Firstly, there’s a non-trivial possibility that Leave could still win, despite its difficulties at centre-forward. The incentive to “reward” an Outer will be smaller. But if Britain votes to Remain – and if that vote is seen by Conservative members as the result of “dirty tricks” by the Conservative leadership – it could be that many members, far from sticking around for another three to four years to vote in the election, simply decide to leave. The last time that Cameron went against the dearest instincts of many of his party grassroots, the result was victory for the Prime Minister – and an activist base that, as the result of defections to Ukip and cancelled membership fees, is more socially liberal and more sympathetic to Cameron than it was before. Don’t forget that, for all the worry about “entryism” in the Labour leadership, it was “exitism” – of Labour members who supported David Miliband and liked the New Labour years  - that shifted that party towards Jeremy Corbyn.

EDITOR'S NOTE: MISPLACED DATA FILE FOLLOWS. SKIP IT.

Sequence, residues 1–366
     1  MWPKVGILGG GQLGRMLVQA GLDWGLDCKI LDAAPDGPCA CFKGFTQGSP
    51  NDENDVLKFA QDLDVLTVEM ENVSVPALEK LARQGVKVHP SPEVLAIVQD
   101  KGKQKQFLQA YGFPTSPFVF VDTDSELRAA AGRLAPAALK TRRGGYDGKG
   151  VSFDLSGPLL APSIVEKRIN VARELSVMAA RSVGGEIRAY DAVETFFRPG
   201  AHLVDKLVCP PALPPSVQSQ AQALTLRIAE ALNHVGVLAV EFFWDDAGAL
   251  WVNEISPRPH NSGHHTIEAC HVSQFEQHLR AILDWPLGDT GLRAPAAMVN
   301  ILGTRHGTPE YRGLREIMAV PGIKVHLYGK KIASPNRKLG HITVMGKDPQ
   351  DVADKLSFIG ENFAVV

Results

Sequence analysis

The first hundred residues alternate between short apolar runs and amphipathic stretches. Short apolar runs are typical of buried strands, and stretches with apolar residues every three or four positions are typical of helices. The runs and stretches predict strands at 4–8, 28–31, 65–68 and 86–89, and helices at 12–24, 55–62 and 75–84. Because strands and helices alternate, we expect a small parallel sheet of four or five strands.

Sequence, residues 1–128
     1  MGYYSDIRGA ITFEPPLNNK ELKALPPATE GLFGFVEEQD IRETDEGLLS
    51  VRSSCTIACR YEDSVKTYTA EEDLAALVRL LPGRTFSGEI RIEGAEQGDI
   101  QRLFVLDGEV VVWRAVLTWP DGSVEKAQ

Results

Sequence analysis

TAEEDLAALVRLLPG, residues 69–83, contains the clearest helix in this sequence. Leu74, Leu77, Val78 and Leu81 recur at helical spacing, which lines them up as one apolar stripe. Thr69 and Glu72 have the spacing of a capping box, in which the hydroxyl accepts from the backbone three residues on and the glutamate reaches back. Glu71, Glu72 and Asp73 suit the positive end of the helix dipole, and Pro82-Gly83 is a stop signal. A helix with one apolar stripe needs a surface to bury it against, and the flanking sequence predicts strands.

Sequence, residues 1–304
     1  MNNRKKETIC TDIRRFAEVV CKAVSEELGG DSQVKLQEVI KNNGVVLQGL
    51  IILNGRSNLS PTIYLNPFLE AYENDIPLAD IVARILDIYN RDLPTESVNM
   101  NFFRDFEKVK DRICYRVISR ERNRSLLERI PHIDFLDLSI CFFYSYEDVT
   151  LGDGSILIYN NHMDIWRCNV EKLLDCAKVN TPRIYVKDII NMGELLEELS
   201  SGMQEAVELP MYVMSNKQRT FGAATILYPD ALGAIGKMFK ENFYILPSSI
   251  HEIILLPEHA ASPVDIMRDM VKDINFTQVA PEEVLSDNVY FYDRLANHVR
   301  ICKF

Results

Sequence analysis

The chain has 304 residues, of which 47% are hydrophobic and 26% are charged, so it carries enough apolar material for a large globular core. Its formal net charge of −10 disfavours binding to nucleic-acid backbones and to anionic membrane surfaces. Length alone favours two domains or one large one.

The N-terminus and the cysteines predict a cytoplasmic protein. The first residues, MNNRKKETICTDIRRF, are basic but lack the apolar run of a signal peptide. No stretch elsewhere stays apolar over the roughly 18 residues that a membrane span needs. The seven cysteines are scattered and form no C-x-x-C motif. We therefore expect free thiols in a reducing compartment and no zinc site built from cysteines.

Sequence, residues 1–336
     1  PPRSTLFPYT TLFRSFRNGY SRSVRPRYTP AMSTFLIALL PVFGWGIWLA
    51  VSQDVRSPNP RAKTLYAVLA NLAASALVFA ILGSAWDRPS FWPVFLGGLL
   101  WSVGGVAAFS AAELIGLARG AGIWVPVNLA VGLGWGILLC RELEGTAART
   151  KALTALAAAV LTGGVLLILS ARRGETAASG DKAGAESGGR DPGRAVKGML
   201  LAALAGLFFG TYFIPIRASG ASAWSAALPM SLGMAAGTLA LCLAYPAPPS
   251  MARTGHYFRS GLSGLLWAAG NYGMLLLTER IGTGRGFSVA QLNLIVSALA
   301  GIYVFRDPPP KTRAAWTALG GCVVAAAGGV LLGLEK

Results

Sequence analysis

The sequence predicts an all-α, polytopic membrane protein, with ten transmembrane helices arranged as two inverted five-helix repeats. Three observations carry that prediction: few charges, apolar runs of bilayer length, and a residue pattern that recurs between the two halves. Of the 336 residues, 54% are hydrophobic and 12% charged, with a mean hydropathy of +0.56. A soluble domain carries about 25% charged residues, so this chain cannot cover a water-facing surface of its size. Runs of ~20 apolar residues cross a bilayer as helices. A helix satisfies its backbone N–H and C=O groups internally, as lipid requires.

It could be that if – as Brady predicts in this week’s New Statesman – the final two is an Inner and an Outer, the Eurosceptic candidate finds that the members who might have backed them are simply no longer around.

It comes back to the biggest known unknown in the race to succeed Cameron: Conservative members. For the first time in British political history, a Prime Minister will be chosen, not by MPs with an electoral mandate of their own or by voters at a general election but by an entirelyself-selecting group: party members. And we simply don't know enough about what they feel - yet. 

Stephen Bush is editor of the Staggers, the New Statesman’s political blog. He usually writes about politics.